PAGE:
Why do QED speaker cables make a difference?
Loudspeaker cables must deliver electrical power to the speakers and that means that they must have a large current carrying capacity. As current flows through the cable it encounters electrical resistance and therefore voltage is dropped across the cable and musical fidelity is lost. Unfortunately the losses are not linear (see graph) because the loudspeaker is a complex load of varying impedance (yellow line), so at different frequencies the speaker cable represents a different proportion of the total load seen by the amplifier. This means that a high resistance speaker cable (green) has the potential to adversely affect the frequency response of the loudspeaker and this effect is greater the higher its resistance. It is therefore important to ensure that the speaker cable has the lowest possible resistance and the smallest effect on the loudspeaker response (magenta line). The easiest way to achieve this is to increase the cross-sectional area to the largest practical size that is acceptable to the user.
The trouble is, in traditional large cross-section cables, whether solid core or multi-stranded, high pitched sounds are forced to travel towards the outside of the conductor and so are able to use less and less of the available cross-sectional area as the pitch increases. This is called the “Skin Effect”. It means that for high frequencies the resistance of the cable appears to be much higher than it does for lower pitched sounds (see the orange line in the graph below). This has a detrimental effect on the fidelity of the sound you hear. QED X-Tube™ Technology solves this problem by creating a hollow, tubular, conductor geometry through which each frequency can pass with equal ease when compared to traditional solid or stranded conductors.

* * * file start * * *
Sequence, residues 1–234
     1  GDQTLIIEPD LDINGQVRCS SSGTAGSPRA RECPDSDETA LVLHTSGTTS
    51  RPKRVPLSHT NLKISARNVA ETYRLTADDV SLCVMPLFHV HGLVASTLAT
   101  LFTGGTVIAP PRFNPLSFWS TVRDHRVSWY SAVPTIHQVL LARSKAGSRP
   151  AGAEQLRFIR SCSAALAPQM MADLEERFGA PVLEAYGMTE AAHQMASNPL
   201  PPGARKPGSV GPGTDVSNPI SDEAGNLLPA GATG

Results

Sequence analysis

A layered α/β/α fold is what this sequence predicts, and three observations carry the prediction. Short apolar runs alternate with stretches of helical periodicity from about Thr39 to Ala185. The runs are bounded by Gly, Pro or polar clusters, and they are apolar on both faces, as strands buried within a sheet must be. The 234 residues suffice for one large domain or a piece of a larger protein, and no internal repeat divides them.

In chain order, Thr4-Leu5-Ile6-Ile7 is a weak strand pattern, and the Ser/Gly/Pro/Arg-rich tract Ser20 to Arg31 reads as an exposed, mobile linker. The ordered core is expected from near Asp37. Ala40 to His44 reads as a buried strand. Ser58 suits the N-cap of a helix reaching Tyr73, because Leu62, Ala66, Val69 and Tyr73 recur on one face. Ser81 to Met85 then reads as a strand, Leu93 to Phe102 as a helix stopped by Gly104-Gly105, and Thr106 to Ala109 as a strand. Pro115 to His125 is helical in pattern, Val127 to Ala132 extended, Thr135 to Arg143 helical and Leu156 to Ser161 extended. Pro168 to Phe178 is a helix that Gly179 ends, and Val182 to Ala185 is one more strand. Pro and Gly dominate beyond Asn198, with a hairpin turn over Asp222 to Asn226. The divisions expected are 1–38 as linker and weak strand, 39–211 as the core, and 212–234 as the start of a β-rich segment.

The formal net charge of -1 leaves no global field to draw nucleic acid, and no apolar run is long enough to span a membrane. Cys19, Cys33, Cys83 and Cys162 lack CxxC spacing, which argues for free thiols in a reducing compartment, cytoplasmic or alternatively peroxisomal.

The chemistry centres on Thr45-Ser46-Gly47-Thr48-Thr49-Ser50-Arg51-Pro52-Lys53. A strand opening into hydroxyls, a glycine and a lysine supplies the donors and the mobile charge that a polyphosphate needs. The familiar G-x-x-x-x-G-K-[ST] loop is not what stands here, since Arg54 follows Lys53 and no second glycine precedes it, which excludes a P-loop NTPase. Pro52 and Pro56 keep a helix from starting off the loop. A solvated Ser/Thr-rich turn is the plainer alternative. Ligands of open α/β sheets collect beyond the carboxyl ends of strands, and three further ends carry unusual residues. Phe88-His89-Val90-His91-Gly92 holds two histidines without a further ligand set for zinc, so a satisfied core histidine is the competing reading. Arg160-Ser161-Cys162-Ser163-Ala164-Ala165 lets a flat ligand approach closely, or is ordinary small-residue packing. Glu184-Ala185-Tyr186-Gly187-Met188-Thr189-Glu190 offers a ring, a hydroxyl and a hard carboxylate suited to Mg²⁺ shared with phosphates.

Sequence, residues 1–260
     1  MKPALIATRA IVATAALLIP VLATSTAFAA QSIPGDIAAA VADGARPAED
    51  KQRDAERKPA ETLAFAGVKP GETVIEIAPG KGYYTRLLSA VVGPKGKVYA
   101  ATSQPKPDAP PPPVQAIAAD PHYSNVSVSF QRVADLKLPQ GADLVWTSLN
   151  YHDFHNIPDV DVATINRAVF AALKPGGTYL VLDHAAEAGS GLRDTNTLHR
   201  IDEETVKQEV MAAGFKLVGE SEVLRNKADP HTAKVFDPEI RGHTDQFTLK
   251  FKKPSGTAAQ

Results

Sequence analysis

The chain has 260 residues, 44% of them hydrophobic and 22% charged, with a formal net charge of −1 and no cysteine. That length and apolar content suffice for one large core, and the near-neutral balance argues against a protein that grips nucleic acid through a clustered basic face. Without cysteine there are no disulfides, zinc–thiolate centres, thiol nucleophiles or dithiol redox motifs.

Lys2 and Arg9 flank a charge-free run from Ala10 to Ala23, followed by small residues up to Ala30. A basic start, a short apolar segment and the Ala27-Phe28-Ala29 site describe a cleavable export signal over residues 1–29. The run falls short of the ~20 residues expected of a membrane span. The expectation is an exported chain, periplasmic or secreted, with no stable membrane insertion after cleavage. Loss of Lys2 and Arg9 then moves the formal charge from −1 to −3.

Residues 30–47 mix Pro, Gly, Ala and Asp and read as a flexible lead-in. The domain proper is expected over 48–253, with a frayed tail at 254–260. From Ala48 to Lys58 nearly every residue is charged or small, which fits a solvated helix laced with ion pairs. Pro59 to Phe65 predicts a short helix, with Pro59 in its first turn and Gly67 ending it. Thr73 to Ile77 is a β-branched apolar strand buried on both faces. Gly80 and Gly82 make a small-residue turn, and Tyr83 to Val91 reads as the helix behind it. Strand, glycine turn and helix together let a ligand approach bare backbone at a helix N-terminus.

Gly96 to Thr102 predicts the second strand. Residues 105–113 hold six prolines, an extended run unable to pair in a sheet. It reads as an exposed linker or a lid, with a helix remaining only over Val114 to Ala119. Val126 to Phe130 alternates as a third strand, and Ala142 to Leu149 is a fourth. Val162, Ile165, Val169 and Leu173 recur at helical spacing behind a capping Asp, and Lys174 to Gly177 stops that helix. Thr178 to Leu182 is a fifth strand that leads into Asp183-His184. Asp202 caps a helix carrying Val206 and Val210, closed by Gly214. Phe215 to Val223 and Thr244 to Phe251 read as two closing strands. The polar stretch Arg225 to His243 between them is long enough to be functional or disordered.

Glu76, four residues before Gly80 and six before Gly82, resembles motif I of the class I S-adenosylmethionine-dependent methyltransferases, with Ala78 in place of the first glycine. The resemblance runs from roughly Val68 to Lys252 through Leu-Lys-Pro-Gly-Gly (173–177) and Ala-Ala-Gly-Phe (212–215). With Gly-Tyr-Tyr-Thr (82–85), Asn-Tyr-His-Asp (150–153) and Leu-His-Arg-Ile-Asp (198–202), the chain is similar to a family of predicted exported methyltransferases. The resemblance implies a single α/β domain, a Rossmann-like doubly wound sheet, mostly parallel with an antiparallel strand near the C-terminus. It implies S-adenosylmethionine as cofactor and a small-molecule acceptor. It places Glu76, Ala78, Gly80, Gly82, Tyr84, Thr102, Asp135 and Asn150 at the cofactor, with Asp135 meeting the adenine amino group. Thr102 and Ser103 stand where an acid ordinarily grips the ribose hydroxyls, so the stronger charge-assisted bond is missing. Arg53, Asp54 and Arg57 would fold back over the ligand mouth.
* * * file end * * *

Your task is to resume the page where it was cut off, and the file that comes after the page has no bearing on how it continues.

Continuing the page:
QED AirCore™ Technology goes even further and features a special Litz-like cable geometry designed to obviate an equally damaging sonic problem known as the “proximity effect”. Where two conductors are laid side by side and carry current in opposite directions, the alternating magnetic fields built up around each conductor tend to reinforce current flow in the parts of the conductors which are nearest to each other and to cancel current carried in the side of the conductors furthest away. Therefore in a normal “figure of eight” cable the proximity effect will still cause the resistance to rise by up to 25% within the audio band – affecting linearity and therefore fidelity of the music being conveyed. QED cables which feature AirCore™ Technology avoid this problem entirely. Each of the 99.999% oxygen free solid copper cores which comprise the conductors within the cable are individually insulated and twisted around a hollow central polyethylene core so that no single conductor remains at the outside or inside of the overall conductor along its entire length – thus evening out the current density and keeping the resistance uniform throughout the audio band (purple trace).